In May, President George W. Bush signed the Consolidated Natural Resources Act of 2008, which turned Northern Mariana immigration control over to the United States government. The actual takeover by the United States began November 28, 2009.
See additional notes.
Hodges, Ron. "Saipan USA Workers Plan General Strike." Web log post. Daily Kos. 5 Mar. 2008. Web. 3 Apr. 2011.<http://www.dailykos.com/story/2008/03/05/469810/-Saipan-USA-workers-plan-general-STRIKE->
"Where Have All the Workers Gone?" Web log post. Saipan Middle Road. 5 Apr. 2008. Web. 3 Apr. 2011.<http://saipanmiddleroad.blogspot.com/2008/04/where-have-all-workers-gone.html>.
"Thousands Protest U.S. Labor Reforms in Northern Marianas." Agence France-Presse 8 Dec. 2007. Access World News. Web. 3 Apr. 2011.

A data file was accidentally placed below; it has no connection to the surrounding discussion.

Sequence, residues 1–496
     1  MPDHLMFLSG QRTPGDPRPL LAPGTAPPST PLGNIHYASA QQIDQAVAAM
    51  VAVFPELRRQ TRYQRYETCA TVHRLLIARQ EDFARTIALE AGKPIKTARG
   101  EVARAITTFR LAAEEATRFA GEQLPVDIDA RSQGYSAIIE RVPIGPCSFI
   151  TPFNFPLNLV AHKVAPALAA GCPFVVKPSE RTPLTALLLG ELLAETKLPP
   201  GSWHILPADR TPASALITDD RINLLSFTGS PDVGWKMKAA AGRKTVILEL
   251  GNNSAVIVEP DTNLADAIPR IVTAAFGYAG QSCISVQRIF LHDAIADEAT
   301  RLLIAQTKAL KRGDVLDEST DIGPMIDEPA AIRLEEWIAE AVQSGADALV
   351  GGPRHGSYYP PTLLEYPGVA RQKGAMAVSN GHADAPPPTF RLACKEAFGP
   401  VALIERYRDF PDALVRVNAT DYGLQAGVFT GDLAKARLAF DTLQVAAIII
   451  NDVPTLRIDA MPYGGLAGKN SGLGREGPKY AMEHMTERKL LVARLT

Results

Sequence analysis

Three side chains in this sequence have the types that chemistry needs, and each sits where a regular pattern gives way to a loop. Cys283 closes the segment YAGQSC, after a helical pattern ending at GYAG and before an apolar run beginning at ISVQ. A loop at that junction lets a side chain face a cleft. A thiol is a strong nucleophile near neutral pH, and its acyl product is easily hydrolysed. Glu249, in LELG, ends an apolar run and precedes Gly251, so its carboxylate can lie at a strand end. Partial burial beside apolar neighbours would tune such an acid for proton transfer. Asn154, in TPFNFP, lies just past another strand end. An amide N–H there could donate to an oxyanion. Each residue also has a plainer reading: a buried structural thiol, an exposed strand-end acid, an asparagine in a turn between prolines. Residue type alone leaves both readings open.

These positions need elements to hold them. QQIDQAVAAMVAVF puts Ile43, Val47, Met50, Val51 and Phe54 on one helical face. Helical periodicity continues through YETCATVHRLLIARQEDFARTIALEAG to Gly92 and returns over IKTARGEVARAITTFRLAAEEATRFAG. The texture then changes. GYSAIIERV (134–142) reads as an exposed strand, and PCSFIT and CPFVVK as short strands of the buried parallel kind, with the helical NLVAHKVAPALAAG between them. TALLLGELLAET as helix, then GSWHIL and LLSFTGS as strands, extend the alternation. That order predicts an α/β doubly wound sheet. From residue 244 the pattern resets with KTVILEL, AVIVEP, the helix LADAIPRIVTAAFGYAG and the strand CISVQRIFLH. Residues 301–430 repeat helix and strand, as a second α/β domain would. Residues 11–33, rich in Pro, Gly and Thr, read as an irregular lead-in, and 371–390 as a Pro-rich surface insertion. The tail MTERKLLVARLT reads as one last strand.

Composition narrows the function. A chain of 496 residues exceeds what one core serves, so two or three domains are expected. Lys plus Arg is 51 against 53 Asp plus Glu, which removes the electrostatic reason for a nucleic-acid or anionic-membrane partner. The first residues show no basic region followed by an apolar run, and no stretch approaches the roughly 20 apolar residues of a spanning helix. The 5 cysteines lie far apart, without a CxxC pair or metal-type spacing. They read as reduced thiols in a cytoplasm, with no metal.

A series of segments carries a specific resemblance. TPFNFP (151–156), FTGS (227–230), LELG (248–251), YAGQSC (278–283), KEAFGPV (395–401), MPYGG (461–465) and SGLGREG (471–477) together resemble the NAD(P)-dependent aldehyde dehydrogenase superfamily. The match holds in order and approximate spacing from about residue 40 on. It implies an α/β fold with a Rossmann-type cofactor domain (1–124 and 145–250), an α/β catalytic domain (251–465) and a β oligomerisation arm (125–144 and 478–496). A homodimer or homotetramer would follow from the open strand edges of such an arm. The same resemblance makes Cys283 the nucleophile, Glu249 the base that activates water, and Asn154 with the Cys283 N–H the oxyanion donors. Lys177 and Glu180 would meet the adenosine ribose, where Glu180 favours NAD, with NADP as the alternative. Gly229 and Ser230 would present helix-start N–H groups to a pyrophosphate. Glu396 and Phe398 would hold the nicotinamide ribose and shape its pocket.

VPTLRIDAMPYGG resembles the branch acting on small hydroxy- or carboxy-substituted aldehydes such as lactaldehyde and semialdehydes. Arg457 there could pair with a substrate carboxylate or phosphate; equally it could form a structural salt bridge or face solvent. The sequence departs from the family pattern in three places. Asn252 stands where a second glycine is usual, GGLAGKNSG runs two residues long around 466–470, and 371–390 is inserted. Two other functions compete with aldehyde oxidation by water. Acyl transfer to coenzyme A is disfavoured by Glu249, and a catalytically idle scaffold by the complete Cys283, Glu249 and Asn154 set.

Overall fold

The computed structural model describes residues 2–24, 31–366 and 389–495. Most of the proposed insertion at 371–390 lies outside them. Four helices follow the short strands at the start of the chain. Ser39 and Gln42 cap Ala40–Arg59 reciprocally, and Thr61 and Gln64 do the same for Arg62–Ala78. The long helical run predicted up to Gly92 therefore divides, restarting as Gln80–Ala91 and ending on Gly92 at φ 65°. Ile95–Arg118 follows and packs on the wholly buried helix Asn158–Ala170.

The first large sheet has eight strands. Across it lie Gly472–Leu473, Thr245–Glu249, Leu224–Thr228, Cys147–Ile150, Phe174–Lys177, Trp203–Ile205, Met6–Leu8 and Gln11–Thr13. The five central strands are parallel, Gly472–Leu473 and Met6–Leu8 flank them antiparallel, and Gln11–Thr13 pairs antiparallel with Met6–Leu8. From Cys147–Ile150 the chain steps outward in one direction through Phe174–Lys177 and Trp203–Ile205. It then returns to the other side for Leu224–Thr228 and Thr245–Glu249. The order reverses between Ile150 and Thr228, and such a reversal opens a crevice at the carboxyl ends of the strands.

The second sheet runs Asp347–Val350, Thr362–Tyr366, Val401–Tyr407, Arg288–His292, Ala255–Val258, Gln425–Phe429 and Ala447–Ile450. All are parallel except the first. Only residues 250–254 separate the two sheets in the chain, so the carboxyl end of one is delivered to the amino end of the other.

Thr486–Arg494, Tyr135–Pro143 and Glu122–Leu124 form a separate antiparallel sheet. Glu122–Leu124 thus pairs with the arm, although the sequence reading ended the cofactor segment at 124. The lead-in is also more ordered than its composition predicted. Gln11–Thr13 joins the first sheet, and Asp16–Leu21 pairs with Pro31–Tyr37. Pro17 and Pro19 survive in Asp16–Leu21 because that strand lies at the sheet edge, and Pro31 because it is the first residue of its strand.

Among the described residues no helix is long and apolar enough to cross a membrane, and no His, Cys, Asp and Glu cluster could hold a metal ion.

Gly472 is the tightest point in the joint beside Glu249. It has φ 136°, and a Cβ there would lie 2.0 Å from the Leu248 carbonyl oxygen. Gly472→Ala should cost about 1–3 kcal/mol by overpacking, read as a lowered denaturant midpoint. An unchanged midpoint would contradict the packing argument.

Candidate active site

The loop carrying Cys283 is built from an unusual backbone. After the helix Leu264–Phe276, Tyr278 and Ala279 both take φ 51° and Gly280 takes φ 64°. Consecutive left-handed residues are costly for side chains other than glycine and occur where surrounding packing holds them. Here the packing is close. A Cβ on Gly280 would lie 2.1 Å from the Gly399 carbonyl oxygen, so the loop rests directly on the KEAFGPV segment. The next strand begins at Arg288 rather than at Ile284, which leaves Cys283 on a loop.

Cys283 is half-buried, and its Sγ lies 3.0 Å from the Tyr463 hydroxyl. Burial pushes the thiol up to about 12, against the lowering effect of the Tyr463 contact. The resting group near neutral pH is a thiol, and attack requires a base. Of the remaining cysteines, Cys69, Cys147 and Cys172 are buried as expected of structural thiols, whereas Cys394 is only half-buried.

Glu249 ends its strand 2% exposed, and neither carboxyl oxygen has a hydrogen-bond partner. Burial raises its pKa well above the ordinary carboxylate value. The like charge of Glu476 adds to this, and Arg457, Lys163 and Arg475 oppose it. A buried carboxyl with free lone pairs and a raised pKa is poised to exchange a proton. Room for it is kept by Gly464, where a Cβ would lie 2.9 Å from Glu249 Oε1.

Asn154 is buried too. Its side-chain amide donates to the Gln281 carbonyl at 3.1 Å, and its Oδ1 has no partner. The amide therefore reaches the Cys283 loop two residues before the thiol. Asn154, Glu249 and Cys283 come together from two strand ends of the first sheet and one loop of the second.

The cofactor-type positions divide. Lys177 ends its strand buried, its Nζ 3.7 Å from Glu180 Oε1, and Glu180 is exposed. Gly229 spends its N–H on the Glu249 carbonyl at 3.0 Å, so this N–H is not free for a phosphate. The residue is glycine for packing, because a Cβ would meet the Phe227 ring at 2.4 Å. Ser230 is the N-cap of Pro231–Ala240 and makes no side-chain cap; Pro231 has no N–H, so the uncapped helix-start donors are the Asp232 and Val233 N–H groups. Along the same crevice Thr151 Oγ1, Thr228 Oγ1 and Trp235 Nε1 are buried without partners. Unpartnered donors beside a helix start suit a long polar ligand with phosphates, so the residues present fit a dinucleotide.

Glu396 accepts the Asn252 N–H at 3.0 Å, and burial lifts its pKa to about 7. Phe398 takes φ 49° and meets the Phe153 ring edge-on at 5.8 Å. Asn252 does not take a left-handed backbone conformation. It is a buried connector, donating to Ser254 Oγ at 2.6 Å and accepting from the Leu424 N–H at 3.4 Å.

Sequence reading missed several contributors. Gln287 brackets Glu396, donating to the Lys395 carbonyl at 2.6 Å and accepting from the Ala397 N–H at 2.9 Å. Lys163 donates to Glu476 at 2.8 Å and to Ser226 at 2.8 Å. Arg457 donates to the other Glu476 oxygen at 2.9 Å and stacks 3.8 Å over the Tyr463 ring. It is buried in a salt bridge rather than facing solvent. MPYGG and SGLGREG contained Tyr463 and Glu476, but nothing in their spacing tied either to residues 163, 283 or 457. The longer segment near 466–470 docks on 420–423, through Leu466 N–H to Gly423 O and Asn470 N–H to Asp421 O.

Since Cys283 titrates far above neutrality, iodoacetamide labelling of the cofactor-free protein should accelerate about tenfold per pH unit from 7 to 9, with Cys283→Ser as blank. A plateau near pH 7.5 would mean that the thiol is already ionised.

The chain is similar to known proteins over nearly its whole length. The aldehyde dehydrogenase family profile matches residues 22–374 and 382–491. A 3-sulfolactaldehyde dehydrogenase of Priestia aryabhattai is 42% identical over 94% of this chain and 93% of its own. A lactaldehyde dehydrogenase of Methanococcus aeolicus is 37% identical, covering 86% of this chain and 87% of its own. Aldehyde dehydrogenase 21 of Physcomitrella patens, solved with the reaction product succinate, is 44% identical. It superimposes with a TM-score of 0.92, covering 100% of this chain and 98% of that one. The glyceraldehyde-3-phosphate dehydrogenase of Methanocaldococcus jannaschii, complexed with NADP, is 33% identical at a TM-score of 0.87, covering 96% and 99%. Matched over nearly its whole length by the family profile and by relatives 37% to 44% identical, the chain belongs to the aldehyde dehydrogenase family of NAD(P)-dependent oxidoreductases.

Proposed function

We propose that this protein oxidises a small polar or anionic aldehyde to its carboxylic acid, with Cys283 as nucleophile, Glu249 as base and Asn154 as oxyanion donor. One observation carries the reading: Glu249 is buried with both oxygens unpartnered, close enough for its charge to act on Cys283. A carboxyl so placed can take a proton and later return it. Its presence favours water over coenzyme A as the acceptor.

Bartels, Lynn. "Activists Say Schaffer Delayed Worker Reforms. Candidate’s Stance on Conditions in Islands Assailed." Rocky Mountain News [Colorado] 30 Sept. 2008. Access World News. Web. 3 Apr. 2011.
"US Takes over Pacific Territory’s Immigration." Agence France-Presse 27 Nov. 2009. Access World News. Web. 3 Apr. 2011.
De La Torre, Ferdie. "Thousands Join Historic March." Saipan Tribune. Web. 3 Apr. 2011.
Misulich, Robert J. "A Lesser-Known Immigration Crisis: Federal Immigration Law In the Commonwealth of the Northern Mariana Islands." Pacific Rim Law & Policy Journal Association 20.1 (2011): 211-35. Print.
Additionally, scholarly sources give all the credit to the U.S. lobbyists for getting the Federalization bill passed through Congress.
Another issue many community members in Saipan brought up in blogs was the incredible decrease in attendants at the protests. In April, very few people showed up, relatively speaking. Many thought this was a sign of disunity.